Download: Larkin Grimm's Pulsing, Luminous "Paradise And So Many Colors"

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Knomia
Doom-folk lifer Larkin Grimm is known mostly for 2008's desolate, pastoral daymare Parplar and her colorfully wry outlook (her hilarious MySpace post about attending SXSW in 2009 is required reading). The last four years have been nothing short of monumental for Grimm; she moved to Spanish Harlem, left her record label, married fire-breathing art-star Master Lee and gave birth to her first child. And if "Paradise and So Many Colors" is any indication, her new album Soul Retrieval (due in February) is naturally optimistic and lush, fueled by the sunny mutations of exotica. Starring members of Vetiver and Extra Life, as well as Jesse Sparhawk on harp and Bowie producer Tony Visconti behind the boards and on bass, "Paradise" is a manic slice of shiny textures (er, so many colors) and euphoric background coos, all backed by an Yma Sumac-inspired rhythm that pulses with electricity.

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Live: The Lowbrow Reader Presents Peter Stampfel, Larkin Grimm, and the Fiery Furnaces at Housing Works

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Photo of the Fiery Furnaces by http://www.flickr.com/photos/jcn/3748625513/" target="_blank">Jesse Chan-Norris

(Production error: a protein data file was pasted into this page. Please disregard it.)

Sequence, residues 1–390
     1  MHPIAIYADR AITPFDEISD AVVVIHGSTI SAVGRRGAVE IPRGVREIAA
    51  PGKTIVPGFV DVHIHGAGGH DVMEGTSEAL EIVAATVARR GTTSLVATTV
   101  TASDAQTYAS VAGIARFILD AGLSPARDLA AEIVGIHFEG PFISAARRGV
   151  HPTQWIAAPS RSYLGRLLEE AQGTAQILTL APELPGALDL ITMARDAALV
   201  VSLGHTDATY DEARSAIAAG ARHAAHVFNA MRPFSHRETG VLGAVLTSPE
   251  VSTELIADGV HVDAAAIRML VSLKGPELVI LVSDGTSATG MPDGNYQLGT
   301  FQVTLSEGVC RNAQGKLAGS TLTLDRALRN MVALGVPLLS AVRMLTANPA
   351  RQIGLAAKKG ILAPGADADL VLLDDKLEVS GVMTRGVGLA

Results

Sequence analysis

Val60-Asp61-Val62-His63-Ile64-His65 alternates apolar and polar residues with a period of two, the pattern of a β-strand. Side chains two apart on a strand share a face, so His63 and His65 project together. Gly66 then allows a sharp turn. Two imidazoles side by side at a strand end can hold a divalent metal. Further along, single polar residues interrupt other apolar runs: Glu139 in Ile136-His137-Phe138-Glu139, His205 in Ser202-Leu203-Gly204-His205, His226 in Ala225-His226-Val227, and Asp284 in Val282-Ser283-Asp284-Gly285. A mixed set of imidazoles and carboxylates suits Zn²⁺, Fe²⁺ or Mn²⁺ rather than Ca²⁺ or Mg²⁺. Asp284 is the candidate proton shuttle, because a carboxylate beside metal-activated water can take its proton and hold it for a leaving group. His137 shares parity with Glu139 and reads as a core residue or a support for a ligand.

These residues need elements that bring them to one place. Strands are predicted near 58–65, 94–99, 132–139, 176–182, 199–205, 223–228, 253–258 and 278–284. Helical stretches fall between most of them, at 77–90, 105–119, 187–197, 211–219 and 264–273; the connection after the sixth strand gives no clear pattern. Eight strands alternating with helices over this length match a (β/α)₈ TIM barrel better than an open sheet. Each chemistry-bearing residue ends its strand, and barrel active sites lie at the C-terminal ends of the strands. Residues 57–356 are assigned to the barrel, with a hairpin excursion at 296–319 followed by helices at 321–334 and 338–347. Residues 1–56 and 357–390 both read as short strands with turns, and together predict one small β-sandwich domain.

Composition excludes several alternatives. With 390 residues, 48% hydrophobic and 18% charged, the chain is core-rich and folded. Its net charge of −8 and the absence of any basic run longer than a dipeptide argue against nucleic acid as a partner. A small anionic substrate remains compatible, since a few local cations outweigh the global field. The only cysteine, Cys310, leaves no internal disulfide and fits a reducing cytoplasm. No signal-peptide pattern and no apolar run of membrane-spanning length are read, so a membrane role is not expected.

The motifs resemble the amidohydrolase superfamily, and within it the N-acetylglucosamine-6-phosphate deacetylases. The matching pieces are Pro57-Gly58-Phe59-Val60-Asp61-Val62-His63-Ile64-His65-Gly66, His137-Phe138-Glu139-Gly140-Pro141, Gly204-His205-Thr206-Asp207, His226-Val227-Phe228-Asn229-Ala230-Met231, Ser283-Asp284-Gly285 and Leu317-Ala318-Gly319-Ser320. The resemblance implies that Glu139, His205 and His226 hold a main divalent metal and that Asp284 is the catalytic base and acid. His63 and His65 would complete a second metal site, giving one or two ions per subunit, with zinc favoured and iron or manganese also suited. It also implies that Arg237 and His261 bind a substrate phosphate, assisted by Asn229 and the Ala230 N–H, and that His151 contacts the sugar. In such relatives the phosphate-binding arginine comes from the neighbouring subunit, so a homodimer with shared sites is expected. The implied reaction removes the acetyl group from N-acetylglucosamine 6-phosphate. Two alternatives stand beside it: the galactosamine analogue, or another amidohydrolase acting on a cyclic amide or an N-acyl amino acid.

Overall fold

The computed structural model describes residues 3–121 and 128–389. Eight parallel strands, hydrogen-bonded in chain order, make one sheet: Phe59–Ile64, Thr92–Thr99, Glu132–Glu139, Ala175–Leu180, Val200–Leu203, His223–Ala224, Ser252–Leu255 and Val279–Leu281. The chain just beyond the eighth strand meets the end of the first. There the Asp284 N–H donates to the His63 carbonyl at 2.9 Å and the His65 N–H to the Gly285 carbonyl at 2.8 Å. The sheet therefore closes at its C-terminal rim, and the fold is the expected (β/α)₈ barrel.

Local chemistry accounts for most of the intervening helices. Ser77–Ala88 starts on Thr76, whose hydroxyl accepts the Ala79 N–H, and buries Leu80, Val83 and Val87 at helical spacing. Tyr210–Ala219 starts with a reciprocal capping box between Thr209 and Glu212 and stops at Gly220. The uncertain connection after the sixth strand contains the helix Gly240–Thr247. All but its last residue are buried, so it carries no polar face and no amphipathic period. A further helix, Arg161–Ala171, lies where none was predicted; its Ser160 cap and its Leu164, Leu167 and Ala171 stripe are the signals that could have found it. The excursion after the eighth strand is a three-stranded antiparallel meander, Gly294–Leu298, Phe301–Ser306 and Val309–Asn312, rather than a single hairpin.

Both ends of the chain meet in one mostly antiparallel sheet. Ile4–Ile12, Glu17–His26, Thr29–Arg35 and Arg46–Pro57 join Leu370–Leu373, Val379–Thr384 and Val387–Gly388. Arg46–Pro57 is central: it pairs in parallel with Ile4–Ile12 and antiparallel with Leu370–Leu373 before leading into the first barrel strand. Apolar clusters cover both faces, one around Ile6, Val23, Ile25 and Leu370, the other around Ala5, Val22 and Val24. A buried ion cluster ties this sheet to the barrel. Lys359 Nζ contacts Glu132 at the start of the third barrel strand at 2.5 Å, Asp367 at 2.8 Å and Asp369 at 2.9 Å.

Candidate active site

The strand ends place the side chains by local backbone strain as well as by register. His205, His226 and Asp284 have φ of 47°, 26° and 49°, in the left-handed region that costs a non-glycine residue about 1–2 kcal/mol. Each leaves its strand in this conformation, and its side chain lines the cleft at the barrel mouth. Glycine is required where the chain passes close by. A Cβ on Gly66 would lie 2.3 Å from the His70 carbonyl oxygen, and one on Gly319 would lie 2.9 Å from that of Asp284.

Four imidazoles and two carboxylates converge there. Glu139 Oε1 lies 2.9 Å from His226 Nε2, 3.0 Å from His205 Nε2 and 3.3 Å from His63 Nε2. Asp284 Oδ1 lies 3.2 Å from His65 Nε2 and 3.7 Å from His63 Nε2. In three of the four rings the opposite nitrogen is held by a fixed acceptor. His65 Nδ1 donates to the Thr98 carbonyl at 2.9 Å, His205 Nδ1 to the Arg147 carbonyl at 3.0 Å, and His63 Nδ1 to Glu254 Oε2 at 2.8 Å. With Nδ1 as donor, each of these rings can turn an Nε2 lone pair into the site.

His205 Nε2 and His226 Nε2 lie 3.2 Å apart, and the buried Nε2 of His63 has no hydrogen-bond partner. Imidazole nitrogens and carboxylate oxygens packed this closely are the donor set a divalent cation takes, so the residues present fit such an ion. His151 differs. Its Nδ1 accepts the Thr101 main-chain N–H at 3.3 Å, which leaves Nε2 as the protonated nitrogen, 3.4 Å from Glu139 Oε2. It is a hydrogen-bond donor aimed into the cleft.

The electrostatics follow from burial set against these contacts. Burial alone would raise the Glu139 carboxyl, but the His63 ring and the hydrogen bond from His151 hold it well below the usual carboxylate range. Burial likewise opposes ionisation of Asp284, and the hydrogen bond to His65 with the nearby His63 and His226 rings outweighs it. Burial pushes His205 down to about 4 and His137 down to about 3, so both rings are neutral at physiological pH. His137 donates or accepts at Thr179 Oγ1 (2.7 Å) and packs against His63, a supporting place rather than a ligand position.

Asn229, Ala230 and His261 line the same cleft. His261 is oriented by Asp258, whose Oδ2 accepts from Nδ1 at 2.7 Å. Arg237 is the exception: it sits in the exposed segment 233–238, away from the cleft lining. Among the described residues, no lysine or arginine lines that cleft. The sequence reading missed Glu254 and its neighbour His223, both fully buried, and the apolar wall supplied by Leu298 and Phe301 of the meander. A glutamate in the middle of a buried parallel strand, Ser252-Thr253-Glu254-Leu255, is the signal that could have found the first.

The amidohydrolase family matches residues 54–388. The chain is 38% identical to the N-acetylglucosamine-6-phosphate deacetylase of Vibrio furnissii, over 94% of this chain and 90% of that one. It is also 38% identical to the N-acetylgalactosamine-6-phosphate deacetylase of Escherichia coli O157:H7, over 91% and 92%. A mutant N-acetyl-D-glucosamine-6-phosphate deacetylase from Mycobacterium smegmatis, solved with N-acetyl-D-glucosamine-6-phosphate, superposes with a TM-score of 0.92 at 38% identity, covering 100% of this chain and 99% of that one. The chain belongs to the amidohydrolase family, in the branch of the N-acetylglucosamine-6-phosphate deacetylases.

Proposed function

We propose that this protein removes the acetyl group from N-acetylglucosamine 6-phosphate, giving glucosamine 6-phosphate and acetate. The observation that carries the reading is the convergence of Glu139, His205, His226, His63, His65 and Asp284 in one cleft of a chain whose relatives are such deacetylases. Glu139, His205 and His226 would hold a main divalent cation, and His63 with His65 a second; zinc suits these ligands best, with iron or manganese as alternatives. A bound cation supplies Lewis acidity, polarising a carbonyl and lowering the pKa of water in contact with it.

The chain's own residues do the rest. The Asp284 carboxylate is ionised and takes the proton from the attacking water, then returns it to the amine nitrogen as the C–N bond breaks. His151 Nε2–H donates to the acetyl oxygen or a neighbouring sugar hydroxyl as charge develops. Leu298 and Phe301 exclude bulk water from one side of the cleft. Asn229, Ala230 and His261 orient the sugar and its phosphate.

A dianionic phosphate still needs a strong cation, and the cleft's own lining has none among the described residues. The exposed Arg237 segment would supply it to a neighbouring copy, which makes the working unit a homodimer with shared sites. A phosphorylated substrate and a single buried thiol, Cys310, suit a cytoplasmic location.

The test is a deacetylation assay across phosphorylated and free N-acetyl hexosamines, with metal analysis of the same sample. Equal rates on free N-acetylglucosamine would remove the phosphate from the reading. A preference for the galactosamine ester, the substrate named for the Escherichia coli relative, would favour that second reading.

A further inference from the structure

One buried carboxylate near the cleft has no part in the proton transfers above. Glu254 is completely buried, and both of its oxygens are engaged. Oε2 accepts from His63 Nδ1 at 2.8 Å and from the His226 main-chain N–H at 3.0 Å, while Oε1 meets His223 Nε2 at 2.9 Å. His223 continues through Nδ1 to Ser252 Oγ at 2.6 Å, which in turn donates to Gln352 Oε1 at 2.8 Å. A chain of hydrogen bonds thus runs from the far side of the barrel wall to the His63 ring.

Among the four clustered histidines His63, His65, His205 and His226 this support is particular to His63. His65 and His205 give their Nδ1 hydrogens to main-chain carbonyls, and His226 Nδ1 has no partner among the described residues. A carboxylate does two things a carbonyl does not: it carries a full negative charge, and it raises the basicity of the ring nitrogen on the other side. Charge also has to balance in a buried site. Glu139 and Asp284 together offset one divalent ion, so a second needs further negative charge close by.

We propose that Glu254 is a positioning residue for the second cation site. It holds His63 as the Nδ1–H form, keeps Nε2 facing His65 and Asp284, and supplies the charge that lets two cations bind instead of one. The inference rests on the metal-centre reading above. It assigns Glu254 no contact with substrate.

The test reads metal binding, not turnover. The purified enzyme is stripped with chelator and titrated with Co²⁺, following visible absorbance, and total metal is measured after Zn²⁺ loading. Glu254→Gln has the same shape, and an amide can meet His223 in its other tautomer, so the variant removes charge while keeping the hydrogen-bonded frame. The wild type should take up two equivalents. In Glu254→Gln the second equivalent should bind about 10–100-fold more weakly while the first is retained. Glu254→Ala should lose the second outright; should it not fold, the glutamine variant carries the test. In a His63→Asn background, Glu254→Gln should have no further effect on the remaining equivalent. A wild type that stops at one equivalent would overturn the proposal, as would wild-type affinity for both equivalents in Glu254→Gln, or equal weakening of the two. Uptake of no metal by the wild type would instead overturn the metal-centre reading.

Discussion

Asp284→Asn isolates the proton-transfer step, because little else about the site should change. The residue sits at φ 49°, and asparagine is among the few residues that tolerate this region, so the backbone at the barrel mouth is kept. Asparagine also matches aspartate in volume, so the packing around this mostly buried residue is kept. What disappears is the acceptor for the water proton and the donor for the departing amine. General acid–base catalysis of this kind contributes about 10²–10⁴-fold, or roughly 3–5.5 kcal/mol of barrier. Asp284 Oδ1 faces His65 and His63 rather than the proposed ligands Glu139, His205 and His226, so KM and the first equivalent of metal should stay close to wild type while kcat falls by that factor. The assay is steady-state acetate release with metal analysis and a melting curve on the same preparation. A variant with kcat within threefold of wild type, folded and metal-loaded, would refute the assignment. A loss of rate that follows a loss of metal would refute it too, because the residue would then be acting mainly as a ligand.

Peter Stampfel, Larkin Grimm, and the Fiery Furnaces
Housing Works
Wednesday, July 22

"This one's about traveling to a distant galaxy to bring back spirit orgasms for women on earth who've never had one," Larkin Grimm said last night to a decent crowd at Housing Works, capturing the irreverent and earnestly bizarre tone of the evening. Grimm, an anarchist folk-rocker and former member of the Dirty Projectors, was one of five performers--three of them musical acts--that gathered to celebrate the seventh issue of The Lowbrow Reader, an excellent and actually quite high-minded comedy magazine edited by Time Out music writer Jay Ruttenberg.

Peter Stampfel and his Ether Frolic Mob kicked off the event with an eclectic set ranging from full-bodied Delta blues covers--e.g., Charlie Patton's "Shake It and Break It"--to things a bit more in the Pete Seeger, if not A Mighty Wind, vein. Stampfel, dressed in Birkenstocks and a racy Hawaiian shirt, did some yodeling and frenetic banjo picking and gave props to the great jazz cornetist Bix Beiderbecke.

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